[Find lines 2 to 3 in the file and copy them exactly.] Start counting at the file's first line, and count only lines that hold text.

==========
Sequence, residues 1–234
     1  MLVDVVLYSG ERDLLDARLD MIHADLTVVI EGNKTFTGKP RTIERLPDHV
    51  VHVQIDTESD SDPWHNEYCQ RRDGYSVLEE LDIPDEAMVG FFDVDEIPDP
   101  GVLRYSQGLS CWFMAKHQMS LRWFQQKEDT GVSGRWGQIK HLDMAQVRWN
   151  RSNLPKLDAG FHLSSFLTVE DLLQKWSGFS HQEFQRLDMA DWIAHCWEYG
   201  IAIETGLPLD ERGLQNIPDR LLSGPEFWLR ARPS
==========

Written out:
     1  MLVDVVLYSG ERDLLDARLD MIHADLTVVI EGNKTFTGKP RTIERLPDHV
    51  VHVQIDTESD SDPWHNEYCQ RRDGYSVLEE LDIPDEAMVG FFDVDEIPDP